A recent report airing on KARE 11 television noted that, “Augsburg College is located in the heart of Minneapolis in one of the most diverse zip codes in the city.” And, the College’s graduating class reflects that diversity.
As the story explained, “Under President Paul C. Pribbenow‘s leadership, the college has more than tripled the percentage of minorities in the full undergraduate body. In 2006, there were 11 percent compared to 33 percent in 2016.” The traditional undergraduate graduating class of 2016 is comprised of more than 42 percent students of color — a record achievement for the institution.
Pribbenow said Augsburg has been committed to attracting and supporting students from minority populations for more than a decade and has partnered with college readiness programs to achieve its success.
The broadcast report also included an interview with Robert Harper ’16, an alumnus who described why he values his college experience and the diverse makeup of his graduating class.
Read and watch: Augsburg graduates most diverse class in history on the KARE 11 website.
The Star Tribune recently covered the start of construction on the Norman and Evangeline Hagfors Center for Science, Business, and Religion — Augsburg College’s much anticipated interdisciplinary academic building scheduled to open in January 2018. The article notes that the capital campaign for this building project was the most successful in the College’s history and so far has generated $54 million, which is eight times more than Augsburg has ever raised.
The story also acknowledges the generosity of the building’s lead donors, describing Norm Hagfor’s career success and the decades-long connection the Hagfors family developed with Augsburg.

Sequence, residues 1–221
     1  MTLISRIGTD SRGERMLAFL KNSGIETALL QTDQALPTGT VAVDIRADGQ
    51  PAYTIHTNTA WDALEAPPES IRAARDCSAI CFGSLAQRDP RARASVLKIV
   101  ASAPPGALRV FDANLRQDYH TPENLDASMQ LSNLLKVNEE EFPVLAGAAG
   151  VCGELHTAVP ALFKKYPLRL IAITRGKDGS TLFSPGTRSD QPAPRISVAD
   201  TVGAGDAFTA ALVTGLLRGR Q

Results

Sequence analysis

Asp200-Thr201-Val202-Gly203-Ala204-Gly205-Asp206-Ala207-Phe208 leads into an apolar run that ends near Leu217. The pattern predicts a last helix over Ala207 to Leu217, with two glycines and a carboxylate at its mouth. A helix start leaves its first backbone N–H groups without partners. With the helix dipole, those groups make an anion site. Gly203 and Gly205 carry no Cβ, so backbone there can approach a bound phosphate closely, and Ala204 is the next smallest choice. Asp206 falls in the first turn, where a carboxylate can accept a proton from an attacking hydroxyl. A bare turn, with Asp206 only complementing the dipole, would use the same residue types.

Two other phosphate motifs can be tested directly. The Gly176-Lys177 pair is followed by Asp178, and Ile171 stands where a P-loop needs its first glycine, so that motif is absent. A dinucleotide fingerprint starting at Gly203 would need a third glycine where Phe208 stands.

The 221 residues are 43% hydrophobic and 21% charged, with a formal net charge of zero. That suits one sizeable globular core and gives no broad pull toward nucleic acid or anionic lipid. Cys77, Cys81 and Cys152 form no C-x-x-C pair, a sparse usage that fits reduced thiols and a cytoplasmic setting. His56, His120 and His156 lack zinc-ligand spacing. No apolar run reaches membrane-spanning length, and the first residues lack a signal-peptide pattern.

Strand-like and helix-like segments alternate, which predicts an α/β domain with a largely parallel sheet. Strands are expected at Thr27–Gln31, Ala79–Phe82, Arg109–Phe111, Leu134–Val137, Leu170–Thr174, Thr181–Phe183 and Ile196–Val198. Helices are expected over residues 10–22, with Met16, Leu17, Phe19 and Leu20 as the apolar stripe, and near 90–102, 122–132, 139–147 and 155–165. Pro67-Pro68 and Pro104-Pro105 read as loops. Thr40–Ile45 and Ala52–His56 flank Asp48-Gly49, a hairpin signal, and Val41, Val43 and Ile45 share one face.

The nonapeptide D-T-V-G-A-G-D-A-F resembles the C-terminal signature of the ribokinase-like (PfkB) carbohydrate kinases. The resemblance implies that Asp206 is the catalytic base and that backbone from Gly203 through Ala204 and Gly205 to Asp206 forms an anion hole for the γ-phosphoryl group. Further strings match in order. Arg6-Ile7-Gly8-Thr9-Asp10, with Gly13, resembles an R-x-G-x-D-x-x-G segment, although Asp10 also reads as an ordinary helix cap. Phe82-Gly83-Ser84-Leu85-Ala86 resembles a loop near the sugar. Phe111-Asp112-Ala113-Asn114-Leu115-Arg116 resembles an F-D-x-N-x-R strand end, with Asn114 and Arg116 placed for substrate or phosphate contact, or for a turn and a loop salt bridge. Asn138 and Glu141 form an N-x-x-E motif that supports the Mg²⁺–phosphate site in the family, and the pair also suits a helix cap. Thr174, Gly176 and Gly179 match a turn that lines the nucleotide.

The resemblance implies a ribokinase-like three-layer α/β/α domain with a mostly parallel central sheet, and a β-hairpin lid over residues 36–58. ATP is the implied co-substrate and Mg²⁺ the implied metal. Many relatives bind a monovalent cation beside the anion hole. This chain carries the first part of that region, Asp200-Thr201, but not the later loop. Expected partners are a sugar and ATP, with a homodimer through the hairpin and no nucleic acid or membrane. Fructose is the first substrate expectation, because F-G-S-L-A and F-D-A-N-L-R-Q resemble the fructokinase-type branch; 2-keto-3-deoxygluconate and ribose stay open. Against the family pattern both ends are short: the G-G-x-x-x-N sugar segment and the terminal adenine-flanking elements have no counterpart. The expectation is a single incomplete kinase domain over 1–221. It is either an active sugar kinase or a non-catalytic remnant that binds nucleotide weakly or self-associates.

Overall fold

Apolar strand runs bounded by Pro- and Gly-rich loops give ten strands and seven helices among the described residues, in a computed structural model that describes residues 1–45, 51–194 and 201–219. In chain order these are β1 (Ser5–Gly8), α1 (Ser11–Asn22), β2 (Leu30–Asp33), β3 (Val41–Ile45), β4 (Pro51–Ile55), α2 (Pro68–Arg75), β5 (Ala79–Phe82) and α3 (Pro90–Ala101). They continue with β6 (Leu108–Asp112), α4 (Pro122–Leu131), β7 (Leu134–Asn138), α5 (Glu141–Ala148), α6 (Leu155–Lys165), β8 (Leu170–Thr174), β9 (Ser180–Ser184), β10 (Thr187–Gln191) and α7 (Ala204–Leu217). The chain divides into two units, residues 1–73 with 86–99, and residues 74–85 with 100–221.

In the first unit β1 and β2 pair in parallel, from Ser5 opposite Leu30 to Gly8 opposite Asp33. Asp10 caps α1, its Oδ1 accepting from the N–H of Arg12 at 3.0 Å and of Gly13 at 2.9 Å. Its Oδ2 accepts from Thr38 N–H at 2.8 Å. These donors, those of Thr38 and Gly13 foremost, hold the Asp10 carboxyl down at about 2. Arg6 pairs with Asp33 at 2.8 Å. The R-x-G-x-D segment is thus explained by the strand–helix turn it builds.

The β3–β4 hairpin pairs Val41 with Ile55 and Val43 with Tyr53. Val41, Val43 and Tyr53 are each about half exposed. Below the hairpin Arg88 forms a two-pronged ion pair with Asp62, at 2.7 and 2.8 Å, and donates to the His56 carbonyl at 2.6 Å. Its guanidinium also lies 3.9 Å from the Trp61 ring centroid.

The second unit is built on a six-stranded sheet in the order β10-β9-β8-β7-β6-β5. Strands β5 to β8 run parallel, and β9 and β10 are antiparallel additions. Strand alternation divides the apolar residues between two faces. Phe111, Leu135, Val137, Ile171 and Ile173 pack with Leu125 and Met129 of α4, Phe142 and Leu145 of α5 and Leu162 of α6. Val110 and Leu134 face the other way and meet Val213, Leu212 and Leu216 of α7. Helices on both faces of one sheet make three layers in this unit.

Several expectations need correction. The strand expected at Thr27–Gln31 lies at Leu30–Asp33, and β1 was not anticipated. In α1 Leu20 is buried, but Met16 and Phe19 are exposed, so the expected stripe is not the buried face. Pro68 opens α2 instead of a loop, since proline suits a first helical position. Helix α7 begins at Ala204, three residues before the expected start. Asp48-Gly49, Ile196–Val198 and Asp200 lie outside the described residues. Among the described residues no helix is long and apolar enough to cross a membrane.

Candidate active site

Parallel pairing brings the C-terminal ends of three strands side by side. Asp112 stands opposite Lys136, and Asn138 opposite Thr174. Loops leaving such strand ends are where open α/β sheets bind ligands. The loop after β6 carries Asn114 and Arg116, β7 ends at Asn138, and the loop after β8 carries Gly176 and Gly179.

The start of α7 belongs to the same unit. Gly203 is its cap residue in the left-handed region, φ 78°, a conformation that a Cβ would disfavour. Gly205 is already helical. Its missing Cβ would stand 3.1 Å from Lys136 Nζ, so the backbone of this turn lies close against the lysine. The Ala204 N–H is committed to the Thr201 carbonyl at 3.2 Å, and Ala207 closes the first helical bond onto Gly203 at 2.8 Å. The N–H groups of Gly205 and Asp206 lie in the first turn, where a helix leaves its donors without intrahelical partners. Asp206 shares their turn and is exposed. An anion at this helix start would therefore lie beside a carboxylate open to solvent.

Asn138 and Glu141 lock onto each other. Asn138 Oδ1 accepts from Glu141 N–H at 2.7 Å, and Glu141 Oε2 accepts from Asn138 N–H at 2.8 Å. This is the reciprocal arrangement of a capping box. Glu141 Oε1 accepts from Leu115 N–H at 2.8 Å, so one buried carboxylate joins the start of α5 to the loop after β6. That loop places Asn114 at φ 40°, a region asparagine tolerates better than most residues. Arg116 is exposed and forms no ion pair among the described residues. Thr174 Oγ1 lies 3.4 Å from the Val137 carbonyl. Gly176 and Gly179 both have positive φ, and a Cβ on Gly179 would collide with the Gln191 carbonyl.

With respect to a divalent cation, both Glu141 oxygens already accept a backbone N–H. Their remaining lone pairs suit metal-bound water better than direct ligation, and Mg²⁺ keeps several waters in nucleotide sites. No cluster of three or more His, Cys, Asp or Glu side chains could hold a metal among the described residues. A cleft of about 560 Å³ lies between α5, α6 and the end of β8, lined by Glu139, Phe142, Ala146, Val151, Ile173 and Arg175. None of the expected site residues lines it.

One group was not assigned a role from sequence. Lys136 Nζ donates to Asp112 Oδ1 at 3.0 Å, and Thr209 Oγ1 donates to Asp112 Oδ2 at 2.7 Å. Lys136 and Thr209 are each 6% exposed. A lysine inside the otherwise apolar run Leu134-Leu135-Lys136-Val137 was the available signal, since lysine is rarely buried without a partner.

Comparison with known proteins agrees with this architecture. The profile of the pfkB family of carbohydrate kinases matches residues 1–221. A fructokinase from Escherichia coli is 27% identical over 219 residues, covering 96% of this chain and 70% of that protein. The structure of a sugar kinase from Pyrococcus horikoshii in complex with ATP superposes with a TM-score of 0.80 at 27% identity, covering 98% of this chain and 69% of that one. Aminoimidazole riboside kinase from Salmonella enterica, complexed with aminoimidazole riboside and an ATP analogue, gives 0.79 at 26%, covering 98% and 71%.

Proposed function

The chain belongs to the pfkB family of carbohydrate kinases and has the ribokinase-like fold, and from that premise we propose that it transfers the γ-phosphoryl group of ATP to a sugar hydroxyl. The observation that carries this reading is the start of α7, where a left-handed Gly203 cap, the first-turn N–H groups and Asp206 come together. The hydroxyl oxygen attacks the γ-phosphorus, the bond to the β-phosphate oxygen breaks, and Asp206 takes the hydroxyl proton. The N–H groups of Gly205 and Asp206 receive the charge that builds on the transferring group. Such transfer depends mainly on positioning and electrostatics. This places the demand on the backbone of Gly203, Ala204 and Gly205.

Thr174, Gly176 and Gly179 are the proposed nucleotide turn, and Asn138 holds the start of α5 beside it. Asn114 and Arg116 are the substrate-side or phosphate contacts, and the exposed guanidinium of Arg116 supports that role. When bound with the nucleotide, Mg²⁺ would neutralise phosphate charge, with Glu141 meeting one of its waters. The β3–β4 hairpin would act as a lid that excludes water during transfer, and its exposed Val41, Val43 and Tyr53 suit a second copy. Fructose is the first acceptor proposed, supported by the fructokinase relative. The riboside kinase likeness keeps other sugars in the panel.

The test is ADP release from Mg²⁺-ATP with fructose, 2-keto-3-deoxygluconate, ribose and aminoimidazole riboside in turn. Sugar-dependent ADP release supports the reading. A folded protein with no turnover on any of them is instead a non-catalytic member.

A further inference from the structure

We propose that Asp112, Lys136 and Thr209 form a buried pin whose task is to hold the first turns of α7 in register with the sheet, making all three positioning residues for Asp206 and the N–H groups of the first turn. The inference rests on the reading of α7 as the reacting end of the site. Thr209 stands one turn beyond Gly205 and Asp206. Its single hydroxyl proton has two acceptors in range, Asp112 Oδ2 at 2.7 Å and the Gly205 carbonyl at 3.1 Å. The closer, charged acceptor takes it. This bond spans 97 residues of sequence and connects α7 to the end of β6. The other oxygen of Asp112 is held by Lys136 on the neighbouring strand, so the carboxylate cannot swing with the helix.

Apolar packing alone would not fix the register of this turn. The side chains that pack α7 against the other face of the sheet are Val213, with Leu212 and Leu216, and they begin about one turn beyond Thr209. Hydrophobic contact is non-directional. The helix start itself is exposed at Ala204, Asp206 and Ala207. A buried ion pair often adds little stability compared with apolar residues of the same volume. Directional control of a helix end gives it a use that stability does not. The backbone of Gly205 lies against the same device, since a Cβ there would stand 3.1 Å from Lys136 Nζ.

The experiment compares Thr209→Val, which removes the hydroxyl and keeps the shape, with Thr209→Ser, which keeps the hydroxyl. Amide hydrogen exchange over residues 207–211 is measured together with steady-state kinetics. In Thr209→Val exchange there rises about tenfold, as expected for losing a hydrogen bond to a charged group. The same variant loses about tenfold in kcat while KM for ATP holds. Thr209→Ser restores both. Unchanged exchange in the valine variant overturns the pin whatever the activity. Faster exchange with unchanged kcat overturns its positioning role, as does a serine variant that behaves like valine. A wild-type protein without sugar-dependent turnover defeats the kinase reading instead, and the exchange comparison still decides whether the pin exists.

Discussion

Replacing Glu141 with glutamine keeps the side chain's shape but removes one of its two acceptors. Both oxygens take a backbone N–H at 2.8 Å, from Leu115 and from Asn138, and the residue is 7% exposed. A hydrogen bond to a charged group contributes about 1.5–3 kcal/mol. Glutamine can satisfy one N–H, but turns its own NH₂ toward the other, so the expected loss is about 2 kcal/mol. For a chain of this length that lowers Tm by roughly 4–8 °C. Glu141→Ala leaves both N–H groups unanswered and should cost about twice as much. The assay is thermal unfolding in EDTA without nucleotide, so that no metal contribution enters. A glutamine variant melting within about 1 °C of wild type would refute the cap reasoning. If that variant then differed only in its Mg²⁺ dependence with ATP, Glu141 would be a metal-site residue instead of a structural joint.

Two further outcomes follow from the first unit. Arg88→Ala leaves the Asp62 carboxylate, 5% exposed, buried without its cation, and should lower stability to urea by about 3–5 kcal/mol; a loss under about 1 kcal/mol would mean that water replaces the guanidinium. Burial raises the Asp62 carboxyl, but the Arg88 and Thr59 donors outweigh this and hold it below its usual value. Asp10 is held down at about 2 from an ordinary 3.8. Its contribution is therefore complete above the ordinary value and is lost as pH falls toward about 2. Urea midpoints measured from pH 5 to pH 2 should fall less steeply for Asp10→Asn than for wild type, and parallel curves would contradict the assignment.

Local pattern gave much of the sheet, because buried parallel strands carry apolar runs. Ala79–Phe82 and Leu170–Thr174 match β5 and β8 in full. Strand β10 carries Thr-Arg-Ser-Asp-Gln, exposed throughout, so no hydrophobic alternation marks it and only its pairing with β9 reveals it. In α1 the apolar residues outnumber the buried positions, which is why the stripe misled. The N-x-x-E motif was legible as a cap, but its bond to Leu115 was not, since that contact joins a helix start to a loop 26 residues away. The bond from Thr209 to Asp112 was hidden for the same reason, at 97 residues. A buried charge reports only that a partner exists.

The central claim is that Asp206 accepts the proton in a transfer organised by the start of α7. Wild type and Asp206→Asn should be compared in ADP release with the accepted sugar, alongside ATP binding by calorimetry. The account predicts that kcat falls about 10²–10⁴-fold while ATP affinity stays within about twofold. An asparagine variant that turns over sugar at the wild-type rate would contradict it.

Read Augsburg College starts construction on business-science-religion complex on the Star Tribune website.
The Minneapolis Star Tribune recently included a statement by Sam Graves ’16 in an article covering a large donation to the PACER Center, which specializes in creating technology designed for children and young adults with special needs. The $1 million donation was given by the Otto Bremer Trust.
Graves, a recent Augsburg College graduate who lives with cerebral palsy, credits the Center’s library of software and adaptive devices as part of his educational success. “Without technology, I wouldn’t be able to be independent,” he said.
Graves graduated with honors April 30 and was awarded the first-ever Youth Leadership Award by the Otto Bremer Trust later that evening.
Read PACER Center awarded $1 million by Otto Bremer Trust on the Star Tribune site.
The Minneapolis / St. Paul Business Journal recently published an article covering the revelation that a previously unidentified $10 million donation toward the naming of the Hagfors Center for Science, Business, and Religion had been given to Augsburg College by Norman and Evangeline Hagfors.
The donation originally was announced in early 2015, with the donors remaining unnamed until the recent groundbreaking ceremony. In a statement on the Hagfors Center website, Evangeline Hagfors said, “Adding our name signals that we stand with Augsburg. We support the CSBR project and the many benefits it will provide faculty, students, and the Augsburg community.”
Read Augsburg identifies mystery donor who gave $10M cash for new center on the Minneapolis / St. Paul Business Journal site.
Sports news site The Post Game recently included former Augsburg College basketball player and legendary coach Lute Olson ’56 in an article about notable athletes from North Dakota.
Olson was born and raised near the Minnesota-North Dakota border before attending Augsburg. After graduating, he went on to become the head coach of the University of Arizona men’s basketball team. As the article points out, Olson’s teams made it to the Final Four a total of five times, winning the national title in 1997.
Read 9 Notable Athletes From North Dakota: Carson Wentz, Phil Jackson And More on the Post Game site.
St. Paul-area newspaper Lillie News recently profiled Koua Yang ’99, a social studies teacher and tennis coach at Harding High School. Yang was one of 11 finalists for the 2015 Minnesota Teacher of the Year Award.